Standing and Traveling Waves

1. Jul 2, 2006

jcais

Is the period of a comination wave the same as the period of two traveling waves that make up this combination standing wave?

I googled it, but found nothing as of yet concerning equal periods.

2. Jul 2, 2006

nrqed

The two traveling waves have the same angular frequency $\omega$, right? Now, what is the angular frequency of the resultant standing wave in terms of the angular frequency of the two standing waves? Is it twice the angular frequency of each traveling wave? I sit half of it? The same? One fourth?

If you are not sure, use algebra to prove it. Just add the waves
$$A sin( k x - \ometa t)$$
and $$A sin (kx + \omega t)$$

using the trig identity for sin(A) + sin(B) (the A here has nothing to do with the amplitude, it just represents and arbitrary angle).
What do you get?

Patrick

3. Jul 4, 2006

jcais

I am using an Excel document. It tells me to press F9 to make the waves move. The freq of the standing wave is easy to get. It is 3.15 seconds (the time it takes for an extreme to go back to an extreme). 1/3.15 = period. I am supposed to press F9 to move the traveling waves from one extreme to another. I don't know what an extreme would be. But, I did it and guessed that the freq. is also 3.15. The way I am describing this is confusing, because there is not much detail in words.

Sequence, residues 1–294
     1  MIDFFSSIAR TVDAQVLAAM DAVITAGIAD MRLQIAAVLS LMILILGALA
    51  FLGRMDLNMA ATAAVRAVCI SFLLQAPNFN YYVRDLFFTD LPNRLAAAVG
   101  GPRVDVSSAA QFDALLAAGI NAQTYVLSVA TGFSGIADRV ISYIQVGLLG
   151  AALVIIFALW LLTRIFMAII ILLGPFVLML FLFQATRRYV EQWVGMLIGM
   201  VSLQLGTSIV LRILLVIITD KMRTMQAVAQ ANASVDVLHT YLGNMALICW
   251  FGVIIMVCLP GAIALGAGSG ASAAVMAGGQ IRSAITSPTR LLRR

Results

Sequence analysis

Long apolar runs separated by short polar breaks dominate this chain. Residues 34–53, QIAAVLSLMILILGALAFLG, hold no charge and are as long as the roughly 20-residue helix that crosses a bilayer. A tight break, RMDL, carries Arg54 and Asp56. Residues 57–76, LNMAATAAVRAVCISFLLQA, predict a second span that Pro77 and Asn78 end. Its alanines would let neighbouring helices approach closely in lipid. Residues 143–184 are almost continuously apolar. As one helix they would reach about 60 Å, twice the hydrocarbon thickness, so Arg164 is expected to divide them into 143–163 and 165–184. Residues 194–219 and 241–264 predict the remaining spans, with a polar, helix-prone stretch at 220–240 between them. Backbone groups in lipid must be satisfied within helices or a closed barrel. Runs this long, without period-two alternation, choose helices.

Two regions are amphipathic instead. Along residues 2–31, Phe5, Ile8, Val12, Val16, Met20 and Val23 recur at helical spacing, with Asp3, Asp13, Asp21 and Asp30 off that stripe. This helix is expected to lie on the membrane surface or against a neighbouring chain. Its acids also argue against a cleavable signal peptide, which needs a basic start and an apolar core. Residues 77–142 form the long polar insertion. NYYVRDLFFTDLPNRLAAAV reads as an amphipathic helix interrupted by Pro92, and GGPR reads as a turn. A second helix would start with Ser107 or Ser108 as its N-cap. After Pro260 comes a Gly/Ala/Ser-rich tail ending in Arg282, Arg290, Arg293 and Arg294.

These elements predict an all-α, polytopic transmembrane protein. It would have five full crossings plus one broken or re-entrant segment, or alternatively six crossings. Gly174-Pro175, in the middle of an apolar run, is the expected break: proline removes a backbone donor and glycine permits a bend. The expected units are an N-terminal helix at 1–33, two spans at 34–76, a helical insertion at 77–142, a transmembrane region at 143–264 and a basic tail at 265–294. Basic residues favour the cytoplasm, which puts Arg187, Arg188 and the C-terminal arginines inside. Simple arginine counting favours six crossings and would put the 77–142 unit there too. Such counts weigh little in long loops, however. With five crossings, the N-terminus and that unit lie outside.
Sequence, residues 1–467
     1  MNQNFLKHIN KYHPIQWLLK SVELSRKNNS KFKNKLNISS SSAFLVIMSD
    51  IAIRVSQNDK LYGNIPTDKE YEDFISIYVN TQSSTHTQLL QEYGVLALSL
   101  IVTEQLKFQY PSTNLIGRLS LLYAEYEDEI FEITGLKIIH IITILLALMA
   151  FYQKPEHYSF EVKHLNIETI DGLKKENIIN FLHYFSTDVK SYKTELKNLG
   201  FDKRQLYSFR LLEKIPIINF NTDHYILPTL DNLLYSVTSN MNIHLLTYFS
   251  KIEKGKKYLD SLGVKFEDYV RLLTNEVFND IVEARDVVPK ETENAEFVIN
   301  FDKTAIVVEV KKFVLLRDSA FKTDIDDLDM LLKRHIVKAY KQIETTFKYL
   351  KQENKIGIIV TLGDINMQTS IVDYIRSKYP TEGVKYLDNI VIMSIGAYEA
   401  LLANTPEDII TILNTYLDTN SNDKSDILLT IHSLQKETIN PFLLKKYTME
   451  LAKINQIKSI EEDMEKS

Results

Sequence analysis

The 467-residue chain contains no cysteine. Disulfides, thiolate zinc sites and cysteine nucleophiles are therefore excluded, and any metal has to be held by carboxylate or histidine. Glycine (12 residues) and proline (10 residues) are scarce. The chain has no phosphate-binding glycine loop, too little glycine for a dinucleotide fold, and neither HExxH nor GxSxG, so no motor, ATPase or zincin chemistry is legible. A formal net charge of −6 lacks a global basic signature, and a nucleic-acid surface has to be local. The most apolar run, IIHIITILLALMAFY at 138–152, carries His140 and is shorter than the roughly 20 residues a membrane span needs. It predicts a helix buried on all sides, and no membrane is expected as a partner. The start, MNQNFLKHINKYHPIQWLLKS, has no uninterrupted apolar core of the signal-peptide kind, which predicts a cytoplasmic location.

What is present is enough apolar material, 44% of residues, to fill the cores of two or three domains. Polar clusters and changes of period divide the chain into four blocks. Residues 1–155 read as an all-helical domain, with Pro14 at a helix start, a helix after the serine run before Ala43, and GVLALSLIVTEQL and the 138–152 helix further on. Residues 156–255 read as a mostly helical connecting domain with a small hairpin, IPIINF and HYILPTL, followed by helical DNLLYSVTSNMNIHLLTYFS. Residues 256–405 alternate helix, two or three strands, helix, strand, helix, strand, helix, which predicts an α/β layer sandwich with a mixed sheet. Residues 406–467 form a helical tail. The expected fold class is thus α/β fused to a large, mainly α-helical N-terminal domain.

So, I guess the 2 traveling waves have the same freq. as one combo standing wave making them both have the same period because T = 1/f, if I am correct.

4. Jul 4, 2006

nrqed

No, this is the *period*. The period is in seconds. And it is the time it takes for a point to go from an extreme position (say y=+A) down and back to its initial position.
that will be in Hz (Hz= 1/second) and that's the frequency.
You can check it with the trig identities for adding trig functions. But yes,, the frequency of the combined wave is the same as the frequency of the individual waves (if each wave has the same frequency)

Patrick